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Merrill's Callies Says Bottom Builds, but Lowers Year-End S&P Target

Spurred by the current market falloff, strategists have been rejiggering their year-end outlooks -- and trying to remain optimistic. Yesterday it was uber-bull

Abby Joseph Cohen of

Goldman Sachs

. Today, it's

Merrill Lynch's

Christine Callies, who lowered her year-end target for the

S&P 500.

But Callies also said she thinks the prerequisites for a market "trough" -- or interim bottom -- are building.

Callies blamed the broad-based S&P 500's inability to meet Merrill's original year-end target on the elections quagmire. She lowered Merrill's year-end target to a range of 1450 to 1460 from the earlier projection of 1575. Still, Merrill maintained a medium-term target of the low 1700s. Callies expects selected defensive stocks to be the best performers until the election is decided, when stronger performance could then be expected to extend into other sectors.

"Once the uncertainty has been resolved, however, we expect leadership to broaden to include a broad array of growth cyclicals, including technology, high-quality consumer cyclicals, medical technology, technology hybrids in capital goods, and utilities. Financials would continue to prosper if rates are cut," the report said.

While the deceleration in corporate profits and capital spending remain a problem, Callies said the case for a market trough could be found in the accumulation of cash on the sidelines, a fundamentally strong backdrop for earnings and the likelihood of an easing in interest rates by the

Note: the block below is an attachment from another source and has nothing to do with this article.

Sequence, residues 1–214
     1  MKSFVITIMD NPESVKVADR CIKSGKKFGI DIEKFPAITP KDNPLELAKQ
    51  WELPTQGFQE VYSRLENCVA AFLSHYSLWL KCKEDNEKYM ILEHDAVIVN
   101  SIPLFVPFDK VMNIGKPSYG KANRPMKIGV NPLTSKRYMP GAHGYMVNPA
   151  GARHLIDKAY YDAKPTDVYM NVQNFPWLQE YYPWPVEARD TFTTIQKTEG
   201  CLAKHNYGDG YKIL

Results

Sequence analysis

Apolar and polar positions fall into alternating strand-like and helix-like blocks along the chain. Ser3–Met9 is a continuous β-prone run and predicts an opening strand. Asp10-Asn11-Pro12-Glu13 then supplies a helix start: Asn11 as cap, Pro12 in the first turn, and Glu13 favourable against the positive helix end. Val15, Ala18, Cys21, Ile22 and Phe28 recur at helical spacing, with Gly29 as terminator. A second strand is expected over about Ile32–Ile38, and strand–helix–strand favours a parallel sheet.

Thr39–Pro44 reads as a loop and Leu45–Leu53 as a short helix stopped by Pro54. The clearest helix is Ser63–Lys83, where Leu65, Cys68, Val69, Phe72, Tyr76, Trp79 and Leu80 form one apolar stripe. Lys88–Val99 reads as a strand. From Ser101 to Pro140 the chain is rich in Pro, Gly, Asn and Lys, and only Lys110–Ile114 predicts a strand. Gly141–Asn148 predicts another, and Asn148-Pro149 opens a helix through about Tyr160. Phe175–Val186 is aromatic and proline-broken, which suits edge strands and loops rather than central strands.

Federal Reserve.

According to Callies report, cash levels have risen on slight declines in long-term interest rates, widely-distributed moderate profit growth and rising pessimism among traders in index options. Economic fundamentals remain strong as "analyst earnings revision activity coming out of confession season has not been substantially worse than in past years, according to IBES." IBES is a firm that tracks corporate earnings warnings and earnings reports.

And as data showing a slowing economy have accumulated, expectations have grown that a Fed interest rate cut is not far off.

Fed funds futures contracts are now discounting more than 100% odds that the

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fed funds rate will be 6.25% by April, down from the current 6.5%.

Callies was not alone today in her upbeat take on the market. This morning,

J.P. Morgan

strategist Doug Cliggot raised his equities allocation to 60% from 50% and dropped his bond and cash allocations to 20% each from 25%.

And yesterday, Cohen, Goldman's chief equity strategist, reiterated her 12-month target for the S&P 500 of 1650, which would be a 25% gain in the next year. Cohen did not mention her earlier year-end target for the S&P of 1575.

Market strategists said basically the same thing two weeks ago. Joe Battipaglia at


, Thomas Galvin at

Credit Suisse First Boston

, Jeffrey Applegate at

Lehman Brothers

, Robert Robbins at


and Callies of Merrill each said that while the election uncertainty might delay the expected post-election, year-end rally, the backdrop for stocks remains favorable.

At that time, Callies upped her recommended allocation of equities by 5% -- well-timed since Merrill's proprietary 16-year-old "Sell Side Indicator" (which is a poll of top strategists' allocation to equities) had just hit an all-time high.